London: Just after 12:15 p.m. on Wednesday afternoon, Boris Johnson could briefly tell himself that something was finally going well — he was holding his own against his Labour opponent Keir Starmer in a debate in Parliament. But it didn’t last.
After a bump in his car, a humiliating policy U-turn, and a row over “wasting” nearly 1 million pounds on re-painting his plane, the past day and a half is one that the British leader will want to forget.
Johnson needed a lucky break. He has been on the ropes over his handling of different aspects of the coronavirus crisis and members of his own team have started to lose faith. The past 24 hours are unlikely to calm Tory nerves.
On Tuesday afternoon, political pressure became intolerable for Johnson as a result of a campaign from a 22-year-old soccer star, who wanted the government to fund meals for poor children during the summer school holidays. Starmer had challenged the premier on the issue the previous week and was able to gloat about Johnson’s “U-turn” when the pair met in the Commons on Wednesday.
The prime minister’s response to Starmer was to go on the offensive, attacking the Labour leader for failing to encourage parents to take children back to school now that it is safe to do so. The tactic seemed to be working and Starmer did not land a knockout blow in the debate.
But Johnson finished the session with a gaffe. He mistook Liberal Democrat MP and former Cabinet minister Alistair Carmichael for a member of the Scottish National Party. Carmichael, who knows that prime ministers go into the session armed with a briefing on every MP who’s asking a question, quipped: “It makes me wonder how he might cope with the nuclear codes.”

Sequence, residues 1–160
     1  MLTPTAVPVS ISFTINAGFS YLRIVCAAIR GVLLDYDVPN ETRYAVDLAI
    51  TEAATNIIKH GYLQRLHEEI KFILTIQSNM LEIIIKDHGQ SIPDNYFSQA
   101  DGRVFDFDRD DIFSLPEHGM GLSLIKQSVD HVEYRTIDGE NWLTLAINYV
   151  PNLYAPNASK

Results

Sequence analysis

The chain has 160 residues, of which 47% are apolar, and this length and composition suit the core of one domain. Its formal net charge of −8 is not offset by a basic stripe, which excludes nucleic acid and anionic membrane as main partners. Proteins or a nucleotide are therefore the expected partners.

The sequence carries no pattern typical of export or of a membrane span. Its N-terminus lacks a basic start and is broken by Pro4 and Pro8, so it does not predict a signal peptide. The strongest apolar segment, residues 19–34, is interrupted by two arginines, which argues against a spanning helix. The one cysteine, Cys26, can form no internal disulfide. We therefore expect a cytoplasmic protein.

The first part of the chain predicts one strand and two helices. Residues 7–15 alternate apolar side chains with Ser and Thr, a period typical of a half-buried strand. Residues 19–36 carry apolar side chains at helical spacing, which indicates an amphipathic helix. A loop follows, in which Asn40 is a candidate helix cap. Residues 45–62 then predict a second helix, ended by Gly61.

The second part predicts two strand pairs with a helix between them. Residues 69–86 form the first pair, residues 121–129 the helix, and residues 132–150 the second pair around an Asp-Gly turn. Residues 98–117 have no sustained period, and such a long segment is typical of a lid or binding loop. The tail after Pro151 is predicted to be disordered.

After the Parliamentary question time, Johnson’s next appointment was with senior officials from the Conservative Party’s 1922 Committee. There he was likely to have been taken to task over the school meals U-turn as well as other slips that have riled his members of Parliament.
As Johnson went in to see the 1922 Committee, his office began briefing reporters on the upgrade that his official jet was getting.
Since 2016, the government has used a Royal Air Force A330 Voyager to transport prime ministers around the world. Because this plane doubles as an air-to-air refueling tanker for fighter jets, it used to be painted in a nondescript gray, which suits the military, but looks unimpressive on the tarmac next to Air Force One.
Johnson’s spokesman James Slack explained the Voyager is now being repainted red, white and blue, “in line with many other leaders’ planes.”
Slack was asked if it was going to be expensive. “We expect the cost to be around 900,000 pounds ($1.1 million),” he said. “That incorporates the cost of creating a design that will promote the U.K. around the world without compromising the plane’s vital military role.”
Then fate dealt the prime minister a final, blunt metaphor for his difficult day.
As his motorcade moved away from Parliament, a protester jumped in front, his driver braked, but the driver of the support car behind was caught out, and hit the back of the prime minister’s vehicle. No one was injured, Johnson’s office said. The prime minister will hope that his luck improves soon.-Bloomberg